By Mark Bishop
The 1954 Cotton Bowl Classic, part of the 1953 bowl season, took place on January 1, in Dallas, Texas. The competing teams were the Alabama Crimson Tide, representing the Southeastern Conference (SEC) as Conference Champions, and the Rice Owls, representing the Southwest Conference (SWC) as Conference Co-champions. Rice won the game 28-6, but their victory was overshadowed by Alabama’s Tommy Lewis and his “12th man tackle” of Rice running back Dicky Moegle in the second quarter.
After trading punts on the opening pair of offensive possessions, midway through the first quarter Alabama’s Bart Starr intercepted a pass from LeRoy Fenstemaker, returning it to the Rice 48-yard line. On the ensuing possession, Alabama scored its only points of the contest after Tommy Lewis capped the drive with a two-yard touchdown run, and a 6-0 lead. Rice responded with a trio of long touchdown runs by Dicky Moegle to take a 21-6 lead into the fourth quarter. Moegle’s first score came on a 79-yard run on the first play of the second quarter.
Midway through the second, Moegle was awarded a touchdown on one of the more infamous plays in college football history. After taking the handoff from quarterback LeRoy Fenstemaker, Moegle broke free for what was to be deemed a 95-yard touchdown run.
In what was dubbed the “12th man tackle,” Alabama running back Tommy Lewis left the Alabama bench, entered the field of play and tackled Moegle at the Alabama 42-yard line, apparently believing that even if the 5-yard penalty for illegal participation were enforced, his illegal move would have still stopped the score. However, referee Cliff Shaw instead awarded Moegle a 95-yard touchdown on the play under the palpably unfair act rule, which accounts for situations when a flagrant rule violation prevents a player from scoring by awarding the score anyway. As humorously reported in the Reading Eagle, “The incident became the first in bowl game history where a man on the bench tackled a runner, and also the first where a runner received credit for a touchdown while flat on his back 38 yards from the goal line.”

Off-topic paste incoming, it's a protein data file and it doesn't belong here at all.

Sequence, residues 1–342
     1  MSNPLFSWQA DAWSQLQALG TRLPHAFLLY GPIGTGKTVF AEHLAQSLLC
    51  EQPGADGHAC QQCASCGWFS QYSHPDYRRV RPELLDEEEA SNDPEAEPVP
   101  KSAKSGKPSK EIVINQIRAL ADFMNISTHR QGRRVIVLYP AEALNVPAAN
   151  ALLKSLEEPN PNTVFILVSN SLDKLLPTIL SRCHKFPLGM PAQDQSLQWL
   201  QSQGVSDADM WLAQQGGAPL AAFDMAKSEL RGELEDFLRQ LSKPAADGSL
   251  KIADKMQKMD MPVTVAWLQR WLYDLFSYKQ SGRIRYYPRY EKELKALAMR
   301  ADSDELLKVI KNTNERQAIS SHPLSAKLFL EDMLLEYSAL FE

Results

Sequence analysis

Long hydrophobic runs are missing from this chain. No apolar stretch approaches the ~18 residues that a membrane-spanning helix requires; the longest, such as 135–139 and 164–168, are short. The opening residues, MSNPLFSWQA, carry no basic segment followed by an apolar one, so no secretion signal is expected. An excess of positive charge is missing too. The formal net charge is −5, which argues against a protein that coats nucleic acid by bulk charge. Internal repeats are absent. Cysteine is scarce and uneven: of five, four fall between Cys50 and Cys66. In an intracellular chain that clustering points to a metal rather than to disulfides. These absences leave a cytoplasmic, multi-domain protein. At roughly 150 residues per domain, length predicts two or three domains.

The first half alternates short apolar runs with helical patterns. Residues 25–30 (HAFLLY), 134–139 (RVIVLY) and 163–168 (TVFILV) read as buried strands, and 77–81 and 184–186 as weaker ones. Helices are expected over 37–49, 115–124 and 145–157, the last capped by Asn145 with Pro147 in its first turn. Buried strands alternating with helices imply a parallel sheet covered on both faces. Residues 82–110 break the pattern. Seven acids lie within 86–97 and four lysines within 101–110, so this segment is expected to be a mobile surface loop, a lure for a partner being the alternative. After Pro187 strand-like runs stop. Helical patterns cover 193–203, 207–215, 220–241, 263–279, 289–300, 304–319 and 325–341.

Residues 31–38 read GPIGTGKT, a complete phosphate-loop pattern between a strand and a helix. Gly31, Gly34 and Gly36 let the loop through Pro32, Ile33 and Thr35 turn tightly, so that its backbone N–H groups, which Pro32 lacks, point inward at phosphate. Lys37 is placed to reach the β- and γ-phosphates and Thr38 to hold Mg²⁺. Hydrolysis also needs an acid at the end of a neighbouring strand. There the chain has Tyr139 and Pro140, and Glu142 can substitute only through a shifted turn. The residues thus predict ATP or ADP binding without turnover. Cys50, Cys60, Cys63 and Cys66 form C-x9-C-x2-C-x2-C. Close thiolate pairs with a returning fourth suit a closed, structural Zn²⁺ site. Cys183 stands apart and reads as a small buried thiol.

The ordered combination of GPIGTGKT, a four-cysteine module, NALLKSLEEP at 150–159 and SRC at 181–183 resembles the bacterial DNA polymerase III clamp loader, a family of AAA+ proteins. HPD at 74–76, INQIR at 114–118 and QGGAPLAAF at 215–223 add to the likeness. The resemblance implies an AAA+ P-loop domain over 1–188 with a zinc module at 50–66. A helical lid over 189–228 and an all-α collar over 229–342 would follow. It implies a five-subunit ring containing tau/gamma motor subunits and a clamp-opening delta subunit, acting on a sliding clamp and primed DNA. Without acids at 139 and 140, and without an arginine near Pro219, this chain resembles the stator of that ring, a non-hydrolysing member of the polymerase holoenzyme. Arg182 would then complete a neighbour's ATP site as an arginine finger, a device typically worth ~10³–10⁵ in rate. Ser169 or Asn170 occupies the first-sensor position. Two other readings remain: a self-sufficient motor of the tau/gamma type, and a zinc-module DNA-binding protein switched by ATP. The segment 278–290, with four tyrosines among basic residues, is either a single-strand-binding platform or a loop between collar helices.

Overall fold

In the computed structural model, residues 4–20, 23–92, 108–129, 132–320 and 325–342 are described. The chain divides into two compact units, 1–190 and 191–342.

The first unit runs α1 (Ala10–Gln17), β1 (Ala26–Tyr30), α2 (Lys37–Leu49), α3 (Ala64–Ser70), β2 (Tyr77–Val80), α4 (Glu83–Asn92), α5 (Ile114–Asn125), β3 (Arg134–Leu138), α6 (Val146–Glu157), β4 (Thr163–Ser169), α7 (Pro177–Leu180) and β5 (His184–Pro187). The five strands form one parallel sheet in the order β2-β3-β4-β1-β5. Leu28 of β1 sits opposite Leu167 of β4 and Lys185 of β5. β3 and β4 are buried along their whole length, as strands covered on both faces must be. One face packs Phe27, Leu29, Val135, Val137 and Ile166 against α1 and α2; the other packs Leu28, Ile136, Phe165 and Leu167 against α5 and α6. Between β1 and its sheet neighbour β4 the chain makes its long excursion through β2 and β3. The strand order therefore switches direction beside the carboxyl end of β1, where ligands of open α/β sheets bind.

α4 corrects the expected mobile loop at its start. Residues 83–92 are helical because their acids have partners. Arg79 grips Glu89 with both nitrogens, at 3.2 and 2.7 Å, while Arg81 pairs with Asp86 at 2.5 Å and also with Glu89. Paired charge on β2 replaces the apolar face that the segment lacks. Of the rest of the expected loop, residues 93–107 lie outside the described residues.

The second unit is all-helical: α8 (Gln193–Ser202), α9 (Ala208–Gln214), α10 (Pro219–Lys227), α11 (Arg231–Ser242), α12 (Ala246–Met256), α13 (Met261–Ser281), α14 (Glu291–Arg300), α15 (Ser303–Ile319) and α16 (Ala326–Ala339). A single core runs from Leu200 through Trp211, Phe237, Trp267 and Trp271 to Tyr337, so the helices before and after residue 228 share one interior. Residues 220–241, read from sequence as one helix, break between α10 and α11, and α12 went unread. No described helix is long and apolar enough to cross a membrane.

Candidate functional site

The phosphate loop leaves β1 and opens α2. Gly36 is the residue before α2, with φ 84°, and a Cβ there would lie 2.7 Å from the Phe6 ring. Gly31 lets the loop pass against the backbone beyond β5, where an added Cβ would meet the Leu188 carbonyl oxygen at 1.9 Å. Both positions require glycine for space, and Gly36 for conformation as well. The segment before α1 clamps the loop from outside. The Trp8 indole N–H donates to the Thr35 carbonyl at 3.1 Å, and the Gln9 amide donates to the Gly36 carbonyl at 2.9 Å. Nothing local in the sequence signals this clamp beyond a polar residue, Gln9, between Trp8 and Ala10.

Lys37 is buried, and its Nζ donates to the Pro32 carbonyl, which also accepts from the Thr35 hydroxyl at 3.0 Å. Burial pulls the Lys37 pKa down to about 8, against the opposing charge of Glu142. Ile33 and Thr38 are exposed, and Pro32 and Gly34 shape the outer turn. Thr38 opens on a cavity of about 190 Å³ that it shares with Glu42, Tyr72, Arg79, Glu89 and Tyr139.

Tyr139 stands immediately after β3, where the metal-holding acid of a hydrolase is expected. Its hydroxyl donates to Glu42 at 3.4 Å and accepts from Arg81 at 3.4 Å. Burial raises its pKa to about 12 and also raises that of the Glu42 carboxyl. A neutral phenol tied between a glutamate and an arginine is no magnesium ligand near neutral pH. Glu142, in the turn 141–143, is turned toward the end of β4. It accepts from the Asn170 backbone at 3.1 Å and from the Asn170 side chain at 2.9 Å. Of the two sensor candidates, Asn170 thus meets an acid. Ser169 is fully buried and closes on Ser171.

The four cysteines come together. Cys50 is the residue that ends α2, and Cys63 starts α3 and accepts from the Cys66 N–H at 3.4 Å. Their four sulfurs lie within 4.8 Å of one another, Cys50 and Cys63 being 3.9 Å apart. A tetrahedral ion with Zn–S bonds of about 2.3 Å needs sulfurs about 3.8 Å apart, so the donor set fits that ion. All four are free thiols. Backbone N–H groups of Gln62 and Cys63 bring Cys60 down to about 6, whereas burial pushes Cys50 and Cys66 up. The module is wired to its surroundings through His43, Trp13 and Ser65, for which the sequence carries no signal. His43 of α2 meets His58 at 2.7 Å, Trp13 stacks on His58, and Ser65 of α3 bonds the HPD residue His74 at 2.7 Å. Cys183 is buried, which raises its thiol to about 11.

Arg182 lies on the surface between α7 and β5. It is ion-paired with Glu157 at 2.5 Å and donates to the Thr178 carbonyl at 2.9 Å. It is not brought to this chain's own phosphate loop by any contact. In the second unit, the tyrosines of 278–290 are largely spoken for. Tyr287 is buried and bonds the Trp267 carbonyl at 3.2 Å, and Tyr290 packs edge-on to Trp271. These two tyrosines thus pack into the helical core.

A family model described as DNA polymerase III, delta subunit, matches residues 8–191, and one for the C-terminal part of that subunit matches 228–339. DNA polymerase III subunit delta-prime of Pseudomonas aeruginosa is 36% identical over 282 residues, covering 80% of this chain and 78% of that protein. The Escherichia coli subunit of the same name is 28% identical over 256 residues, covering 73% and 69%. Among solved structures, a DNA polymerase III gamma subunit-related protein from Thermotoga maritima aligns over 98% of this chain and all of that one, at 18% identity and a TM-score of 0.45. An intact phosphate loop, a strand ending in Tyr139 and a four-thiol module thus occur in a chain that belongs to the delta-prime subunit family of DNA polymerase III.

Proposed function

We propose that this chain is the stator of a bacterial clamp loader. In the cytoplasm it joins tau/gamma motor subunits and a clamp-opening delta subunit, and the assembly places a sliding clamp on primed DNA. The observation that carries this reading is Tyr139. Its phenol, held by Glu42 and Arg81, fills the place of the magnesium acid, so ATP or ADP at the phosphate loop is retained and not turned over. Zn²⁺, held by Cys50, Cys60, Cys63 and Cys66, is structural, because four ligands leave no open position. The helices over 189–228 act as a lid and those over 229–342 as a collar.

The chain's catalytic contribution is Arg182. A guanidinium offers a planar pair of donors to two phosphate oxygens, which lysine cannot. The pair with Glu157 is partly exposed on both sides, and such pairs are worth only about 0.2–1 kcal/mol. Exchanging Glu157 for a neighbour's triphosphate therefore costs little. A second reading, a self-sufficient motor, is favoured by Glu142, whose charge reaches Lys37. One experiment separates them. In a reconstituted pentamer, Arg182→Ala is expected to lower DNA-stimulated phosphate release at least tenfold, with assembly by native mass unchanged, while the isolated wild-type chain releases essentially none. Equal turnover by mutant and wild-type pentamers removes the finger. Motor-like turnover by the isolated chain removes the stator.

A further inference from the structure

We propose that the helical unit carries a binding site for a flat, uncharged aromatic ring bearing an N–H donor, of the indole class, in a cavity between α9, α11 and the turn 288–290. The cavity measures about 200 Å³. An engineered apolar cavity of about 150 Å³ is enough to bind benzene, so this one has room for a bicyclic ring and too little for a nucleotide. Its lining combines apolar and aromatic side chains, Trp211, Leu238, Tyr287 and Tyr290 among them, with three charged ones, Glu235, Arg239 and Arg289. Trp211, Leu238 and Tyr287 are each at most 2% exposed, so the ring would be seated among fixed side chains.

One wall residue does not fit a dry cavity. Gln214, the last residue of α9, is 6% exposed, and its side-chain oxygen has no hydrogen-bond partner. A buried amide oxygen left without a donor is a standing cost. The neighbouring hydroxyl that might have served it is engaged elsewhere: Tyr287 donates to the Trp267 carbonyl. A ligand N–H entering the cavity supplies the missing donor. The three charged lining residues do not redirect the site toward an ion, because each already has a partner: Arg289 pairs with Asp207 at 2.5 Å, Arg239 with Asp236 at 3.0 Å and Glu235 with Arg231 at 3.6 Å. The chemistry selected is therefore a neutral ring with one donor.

I don’t know if I’m more shocked that Rice beat Alabama or that a man from the bench came onto the field to make the tackle.
Even though this was completely against the rules, unexpected, and out of the box, you have to admit—this young man had passion and acted on it. He did what others wouldn’t, or couldn’t do. He got off the bench.
When it comes to winning souls, spreading the Gospel, encouraging the saints, and reaching the lost; we need people to get off the bench.
We need pastors, evangelists, teachers, students, musicians, and singers to get off the bench, and into the game. The clock is running down and opportunity is slipping down the sideline while too many are sitting on the bench. There are doors to knock, songs to sing, sermons to preach, prayers to pray, and souls to be saved. We can’t be bound to the bench, glued to the Gatorade, and clapping with cheerleaders when the game is on the line. Holidays, vacations, and bad weather are no excuse to sit on the sideline. The bench is full of excuses, injuries, and complacency, while souls are running in the wrong direction. Get off the bench, grab a soul, and change the game!
Pray, fast, study, witness, give, worship, preach, and let’s reach the world. While the devil is whispering, “Stay on the bench. Play by the rules. No one has ever done that before,” God is saying, “Get in the game! Get involved! Teach a Bible study! Tackle a task!” Our evangelists are traveling from state to state to help us all get off the bench. Why not call one into the game to help you out?
Mark Bishop is pastor of Victory Church in New Albany, MS, and serves as the Evangelists Director for the Assemblies of the Lord Jesus Christ.